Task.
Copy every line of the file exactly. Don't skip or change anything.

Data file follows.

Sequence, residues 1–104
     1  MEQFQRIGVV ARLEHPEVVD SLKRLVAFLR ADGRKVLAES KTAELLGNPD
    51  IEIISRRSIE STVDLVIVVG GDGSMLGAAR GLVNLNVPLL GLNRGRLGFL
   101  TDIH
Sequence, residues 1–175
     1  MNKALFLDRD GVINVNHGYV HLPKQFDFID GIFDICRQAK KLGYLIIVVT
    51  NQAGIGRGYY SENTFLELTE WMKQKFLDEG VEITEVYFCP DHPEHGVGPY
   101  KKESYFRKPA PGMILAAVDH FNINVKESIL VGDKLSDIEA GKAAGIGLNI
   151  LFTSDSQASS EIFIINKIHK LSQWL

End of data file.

Sequence, residues 1–104
     1  MEQFQRIGVV ARLEHPEVVD SLKRLVAFLR ADGRKVLAES KTAELLGNPD
    51  IEIISRRSIE STVDLVIVVG GDGSMLGAAR GLVNLNVPLL GLNRGRLGFL
   101  TDIH
Sequence, residues 1–175
     1  MNKALFLDRD GVINVNHGYV HLPKQFDFID GIFDICRQAK KLGYLIIVVT
    51  NQAGIGRGYY SENTFLELTE WMKQKFLDEG VEITEVYFCP DHPEHGVGPY
   101  KKESYFRKPA PGMILAAVDH FNINVKESIL VGDKLSDIEA GKAAGIGLNI
   151  LFTSDSQASS EIFIINKIHK LSQWL